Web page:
A flare-up of fighting in Ivory Coast has alarmed aid agencies, which fear a new wave of refugees into neighboring Liberia. Aid officials also are concerned for the safety of Liberian refugees in Ivory Coast.
The United Nations High Commission for Refugees in Ivory Coast limited its movements in the west of the country, following a flare-up of fighting this past week between rebels and militia loyal to the government. It was the first outbreak of fighting in Ivory Coast since November.
UNHCR Spokeswoman Fati Kaba says, if the situation deteriorates further, she is worried about the security of Liberian refugees in western Ivory Coast, where some blame renewed fighting in the region on Liberian mercenaries.
"The tensions in western Cote d'Ivoire have the potential of adversely affecting the protection of refugees, because each time there's fighting in Cote d'Ivoire, the local population tends to be hostile to the refugees, because of past involvement of Liberian nationals in the fighting," said Fati Kaba.
There are around 17,000 Liberian refugees in Ivory Coast who fled their own civil war, which ended in 2003.
In addition to worrying about the safety of the Liberian refugees in Ivory Coast, Ms. Kaba says, the UNHCR also is concerned that renewed fighting in Ivory Coast could send a new wave of refugees into eastern Liberia, which is ill-equipped to cope.
"Liberia is a country trying to recover from 14 years of a brutal civil war that left a lot of devastation, and this wouldn't be a good time for Liberia to be receiving a large number of refugees," she said.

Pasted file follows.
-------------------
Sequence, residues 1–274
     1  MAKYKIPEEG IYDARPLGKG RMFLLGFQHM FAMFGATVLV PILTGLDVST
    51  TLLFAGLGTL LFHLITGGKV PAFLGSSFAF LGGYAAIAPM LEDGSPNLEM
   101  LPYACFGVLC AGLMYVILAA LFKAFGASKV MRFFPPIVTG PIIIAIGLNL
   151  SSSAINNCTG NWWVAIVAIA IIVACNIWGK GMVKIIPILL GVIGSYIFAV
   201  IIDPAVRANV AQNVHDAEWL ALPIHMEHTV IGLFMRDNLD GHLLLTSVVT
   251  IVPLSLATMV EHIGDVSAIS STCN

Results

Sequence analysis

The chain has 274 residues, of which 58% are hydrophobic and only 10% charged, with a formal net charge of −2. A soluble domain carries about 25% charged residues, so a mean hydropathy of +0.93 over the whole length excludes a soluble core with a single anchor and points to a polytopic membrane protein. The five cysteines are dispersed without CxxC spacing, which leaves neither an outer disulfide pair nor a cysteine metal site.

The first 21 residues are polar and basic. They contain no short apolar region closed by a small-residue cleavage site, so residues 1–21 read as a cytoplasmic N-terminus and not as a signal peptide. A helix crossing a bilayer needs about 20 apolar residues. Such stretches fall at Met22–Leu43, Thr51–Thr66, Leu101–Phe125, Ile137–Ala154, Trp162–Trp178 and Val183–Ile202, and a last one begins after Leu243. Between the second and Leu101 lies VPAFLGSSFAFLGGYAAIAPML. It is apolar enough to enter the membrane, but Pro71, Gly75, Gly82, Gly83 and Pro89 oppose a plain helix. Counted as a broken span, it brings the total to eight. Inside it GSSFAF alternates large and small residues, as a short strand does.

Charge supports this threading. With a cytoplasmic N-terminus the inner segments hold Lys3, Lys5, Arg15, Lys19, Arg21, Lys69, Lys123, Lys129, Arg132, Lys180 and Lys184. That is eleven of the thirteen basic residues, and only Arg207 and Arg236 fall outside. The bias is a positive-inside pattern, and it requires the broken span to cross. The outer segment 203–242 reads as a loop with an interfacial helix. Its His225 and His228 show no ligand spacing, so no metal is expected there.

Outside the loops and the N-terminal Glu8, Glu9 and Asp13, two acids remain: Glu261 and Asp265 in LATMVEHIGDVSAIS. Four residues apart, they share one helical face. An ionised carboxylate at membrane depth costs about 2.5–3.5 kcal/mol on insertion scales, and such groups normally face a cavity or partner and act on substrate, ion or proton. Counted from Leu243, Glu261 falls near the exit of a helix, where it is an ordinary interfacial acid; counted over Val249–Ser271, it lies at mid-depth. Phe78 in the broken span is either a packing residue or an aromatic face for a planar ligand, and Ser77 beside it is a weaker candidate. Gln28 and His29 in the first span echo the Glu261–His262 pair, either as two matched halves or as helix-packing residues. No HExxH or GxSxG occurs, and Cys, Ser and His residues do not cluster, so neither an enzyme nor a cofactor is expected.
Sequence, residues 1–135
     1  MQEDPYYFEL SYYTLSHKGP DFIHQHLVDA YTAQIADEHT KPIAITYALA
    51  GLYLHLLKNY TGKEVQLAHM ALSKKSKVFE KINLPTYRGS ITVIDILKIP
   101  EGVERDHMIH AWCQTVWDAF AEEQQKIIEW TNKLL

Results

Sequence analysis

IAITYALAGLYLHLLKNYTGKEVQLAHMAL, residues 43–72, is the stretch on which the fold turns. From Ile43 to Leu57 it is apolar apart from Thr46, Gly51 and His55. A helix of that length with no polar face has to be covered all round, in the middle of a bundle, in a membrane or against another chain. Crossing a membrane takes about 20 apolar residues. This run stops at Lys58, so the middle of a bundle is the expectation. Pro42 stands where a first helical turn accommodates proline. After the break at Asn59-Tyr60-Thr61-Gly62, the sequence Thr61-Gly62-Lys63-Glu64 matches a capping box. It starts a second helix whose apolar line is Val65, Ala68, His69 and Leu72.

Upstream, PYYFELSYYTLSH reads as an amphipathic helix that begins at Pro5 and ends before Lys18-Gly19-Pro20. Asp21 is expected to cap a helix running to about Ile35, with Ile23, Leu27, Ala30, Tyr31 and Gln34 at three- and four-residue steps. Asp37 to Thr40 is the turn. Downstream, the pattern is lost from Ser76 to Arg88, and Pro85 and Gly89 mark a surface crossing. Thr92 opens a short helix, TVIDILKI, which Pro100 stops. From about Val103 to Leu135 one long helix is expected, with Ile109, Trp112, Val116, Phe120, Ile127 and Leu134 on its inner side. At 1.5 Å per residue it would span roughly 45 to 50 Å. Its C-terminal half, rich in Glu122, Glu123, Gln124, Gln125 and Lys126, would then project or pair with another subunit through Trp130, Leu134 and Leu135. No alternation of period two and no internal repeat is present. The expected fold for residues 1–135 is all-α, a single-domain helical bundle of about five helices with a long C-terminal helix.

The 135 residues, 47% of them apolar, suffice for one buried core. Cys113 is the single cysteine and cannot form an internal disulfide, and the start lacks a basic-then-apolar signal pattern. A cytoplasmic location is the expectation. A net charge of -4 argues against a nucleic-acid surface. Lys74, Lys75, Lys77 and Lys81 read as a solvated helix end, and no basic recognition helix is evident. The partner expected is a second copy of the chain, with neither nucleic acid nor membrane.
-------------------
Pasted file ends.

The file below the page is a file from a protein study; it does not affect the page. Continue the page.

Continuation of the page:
There are already 5,000 Ivorian refugees in villages on the Liberian border, who fled fighting in Ivory Coast during 2002. Another influx of refugees poured into Liberia this past November, when government forces bombed rebel positions. Ms. Kabba says many refugees are in remote areas in Liberia that have not been accessible to humanitarian agencies for a long time.
Juliette Gwapu is a refugee in the tiny border village of Luaguatuo. Sitting under a tree surrounded by her six children, she recently spoke to VOA. She says she is afraid to return to Ivory Coast, where she says she saw several people killed by rebels.
Ms. Gwapu told VOA that, as a civilian she cannot protect herself from rebels with guns. She says she was chased out of her village, and fled to Liberia, leaving all her possessions behind. She says now she has nothing, and food provided by aid agencies is not enough.
The U.N. World Food Program says it is running out of food in Liberia, and has prioritized the distribution of rations to refugees and displaced people who are returning home. Although the Liberian conflict ended in 2003, the country was left in economic ruin.